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Infectious Diseases and Vaccines

Infectious Diseases and Vaccines

Infectious Diseases and Vaccines


Infectious diseases continue to have a devastating impact on public health despite improvements in healthcare. Increasing human mobility1, population growth2 and climate change3 have further contributed to its spread. We understand that infectious diseases can have long-lasting consequences for vulnerable populations.

Therefore, at Janssen, we are leveraging our strong foundations in science and technology to develop medicines and vaccines that can prevent, treat and, ultimately, cure some of the world’s deadliest infectious diseases, such ashuman immunodeficiency virus(HIV) and tuberculosis (TB).


HIV remains one of the greatest global health challenges of our time. It is estimated that around 38 million4 people are living with HIV globally. In Hong Kong, an estimated 10,2805 people are HIV-positive. Today, those diagnosed with HIV who receive treatment early have a near-normal life expectancy. While we have made significant progress in our fight against HIV, there is still much more we can do.

At Janssen, we continue to build on our 25-year commitment to end HIV through education, prevention, detection and treatment, so that one day we can help to Make HIV History.

Find out more about Our Commitment to Make HIV History


Despite being preventable and curable, TB is the world’s deadliest infectious disease, killing 1.5 million6 people every year – more than HIV/AIDS and malaria combined. Underserved communities bear the largest burden, with more than 95% of TB-related deaths occurring in low- and middle-income countries, but this airborne disease knows no borders.

In Hong Kong, TB is one of the major infectious diseases posing a threat to human health. According to the Department of Health7 Tuberculosis and Chest Service, there are around 4,000 to 5,0008 reported cases of TB each year. In 2019, the total number of TB cases was 4,051. For every 100,000 people, 53.8 are living with TB. Although this figure is lower today than in the 1950s and 60s, it is high compared with other developed economies. At Janssen, our mission is to ‘enable a world without TB’.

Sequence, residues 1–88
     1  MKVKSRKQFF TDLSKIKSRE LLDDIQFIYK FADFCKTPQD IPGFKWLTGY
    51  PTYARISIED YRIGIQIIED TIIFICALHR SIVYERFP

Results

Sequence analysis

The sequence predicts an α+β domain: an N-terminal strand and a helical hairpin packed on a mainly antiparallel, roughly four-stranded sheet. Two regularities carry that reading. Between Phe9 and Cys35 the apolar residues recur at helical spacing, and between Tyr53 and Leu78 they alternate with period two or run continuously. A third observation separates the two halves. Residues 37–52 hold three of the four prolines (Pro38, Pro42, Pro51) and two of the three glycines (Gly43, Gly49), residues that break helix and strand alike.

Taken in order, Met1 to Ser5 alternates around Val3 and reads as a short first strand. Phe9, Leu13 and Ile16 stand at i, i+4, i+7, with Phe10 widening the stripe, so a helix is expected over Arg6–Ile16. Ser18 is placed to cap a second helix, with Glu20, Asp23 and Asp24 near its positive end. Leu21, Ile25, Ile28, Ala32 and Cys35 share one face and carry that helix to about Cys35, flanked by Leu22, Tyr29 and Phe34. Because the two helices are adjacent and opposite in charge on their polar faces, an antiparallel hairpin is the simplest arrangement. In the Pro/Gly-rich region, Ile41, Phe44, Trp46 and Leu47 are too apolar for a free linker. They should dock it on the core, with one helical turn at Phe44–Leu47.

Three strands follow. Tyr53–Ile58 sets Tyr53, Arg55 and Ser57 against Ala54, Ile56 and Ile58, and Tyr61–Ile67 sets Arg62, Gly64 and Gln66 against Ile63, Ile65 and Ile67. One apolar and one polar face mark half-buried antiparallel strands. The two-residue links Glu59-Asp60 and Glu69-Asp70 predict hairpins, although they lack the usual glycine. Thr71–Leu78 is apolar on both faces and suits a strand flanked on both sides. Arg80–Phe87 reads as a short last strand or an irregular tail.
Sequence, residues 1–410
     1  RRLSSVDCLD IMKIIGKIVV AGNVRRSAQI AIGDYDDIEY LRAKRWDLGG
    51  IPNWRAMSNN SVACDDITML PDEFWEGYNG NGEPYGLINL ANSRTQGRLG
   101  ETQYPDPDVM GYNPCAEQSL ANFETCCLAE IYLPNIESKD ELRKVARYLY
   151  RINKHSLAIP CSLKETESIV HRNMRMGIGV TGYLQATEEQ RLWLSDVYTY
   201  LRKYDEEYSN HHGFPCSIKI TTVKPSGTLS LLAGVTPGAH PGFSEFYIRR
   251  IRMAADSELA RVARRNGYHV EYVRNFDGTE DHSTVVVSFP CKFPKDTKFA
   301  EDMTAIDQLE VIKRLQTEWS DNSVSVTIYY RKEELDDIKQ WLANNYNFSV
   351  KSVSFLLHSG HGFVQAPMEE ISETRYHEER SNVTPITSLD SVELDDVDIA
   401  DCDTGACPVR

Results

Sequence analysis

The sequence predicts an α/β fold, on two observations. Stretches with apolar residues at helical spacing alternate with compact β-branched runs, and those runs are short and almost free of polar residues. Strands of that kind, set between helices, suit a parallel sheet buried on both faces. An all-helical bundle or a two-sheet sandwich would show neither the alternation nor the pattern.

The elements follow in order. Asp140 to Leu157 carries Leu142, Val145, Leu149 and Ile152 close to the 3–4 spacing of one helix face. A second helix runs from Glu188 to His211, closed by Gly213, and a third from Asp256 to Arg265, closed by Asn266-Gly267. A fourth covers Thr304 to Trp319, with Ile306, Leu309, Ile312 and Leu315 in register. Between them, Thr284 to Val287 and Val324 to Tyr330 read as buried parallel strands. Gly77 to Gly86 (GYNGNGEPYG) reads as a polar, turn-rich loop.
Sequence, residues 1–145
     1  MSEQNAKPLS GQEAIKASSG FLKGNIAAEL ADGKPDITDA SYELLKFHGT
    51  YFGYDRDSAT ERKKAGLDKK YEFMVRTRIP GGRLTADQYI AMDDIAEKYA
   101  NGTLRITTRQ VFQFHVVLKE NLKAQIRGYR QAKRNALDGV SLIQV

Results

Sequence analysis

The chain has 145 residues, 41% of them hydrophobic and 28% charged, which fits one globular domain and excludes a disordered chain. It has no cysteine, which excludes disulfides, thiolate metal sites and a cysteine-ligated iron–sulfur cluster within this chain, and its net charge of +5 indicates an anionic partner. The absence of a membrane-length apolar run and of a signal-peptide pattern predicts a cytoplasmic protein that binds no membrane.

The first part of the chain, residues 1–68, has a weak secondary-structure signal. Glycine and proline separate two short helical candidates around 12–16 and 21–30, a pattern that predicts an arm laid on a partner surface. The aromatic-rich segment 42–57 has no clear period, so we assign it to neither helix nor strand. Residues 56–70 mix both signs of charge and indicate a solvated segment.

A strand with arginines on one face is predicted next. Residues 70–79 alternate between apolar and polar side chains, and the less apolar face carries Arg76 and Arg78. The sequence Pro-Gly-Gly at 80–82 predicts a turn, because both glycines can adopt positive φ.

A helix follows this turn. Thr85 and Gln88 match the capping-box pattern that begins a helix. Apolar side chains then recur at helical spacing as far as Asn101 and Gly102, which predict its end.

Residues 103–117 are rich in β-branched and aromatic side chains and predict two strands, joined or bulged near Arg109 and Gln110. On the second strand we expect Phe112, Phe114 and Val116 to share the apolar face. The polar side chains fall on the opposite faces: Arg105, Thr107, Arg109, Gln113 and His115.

Find out more about TB:


  1. Findlater A and Bogoch II. Human mobility and the global spread of infectious diseases: A focus on air travel. Trends Parasitol 2018; 34(9):772-783.
  2. Garnett GP and Lewis JJC. The impact of population growth on the epidemiology and evolution of infectious diseases. In: Caraël M., Glynn J.R. (eds) HIV, Resurgent Infections and Population Change in Africa. International Studies in Population, vol 6. Springer, Dordrecht; 2007:27-40.
  3. Xu X, et al. Impact of climate change on human infectious diseases: Empirical evidence and human adaptation. Environ Int 2016; 86:14-23.
  4. UNAIDS. Global HIV & AIDS statistics — 2020 fact sheet. Accessed November 26, 2020.
  5. Centre for Health Protection. HIV/AIDS Situation in Hong Kong [2019]. April 2020. Accessed November 26, 2020.
  6. World Health Organization. Tuberculosis. Accessed November 26, 2020.
  7. Department of Health. Tuberculosis and Chest Service. Updated March 22, 2007. Accessed November 26, 2020.
  8. Centre for Health Protection. Notification & death rate of tuberculosis (all forms), 1947-2019. Updated August 11, 2020. Accessed November 26, 2020.